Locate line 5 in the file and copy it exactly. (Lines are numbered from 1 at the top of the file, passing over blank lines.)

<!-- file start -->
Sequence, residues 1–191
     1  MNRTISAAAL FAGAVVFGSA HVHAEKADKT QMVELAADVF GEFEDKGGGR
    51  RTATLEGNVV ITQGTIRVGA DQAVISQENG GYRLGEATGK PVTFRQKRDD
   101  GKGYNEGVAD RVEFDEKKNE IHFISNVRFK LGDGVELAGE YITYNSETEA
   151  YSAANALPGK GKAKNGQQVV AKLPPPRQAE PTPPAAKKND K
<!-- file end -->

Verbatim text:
   151  YSAANALPGK GKAKNGQQVV AKLPPPRQAE PTPPAAKKND K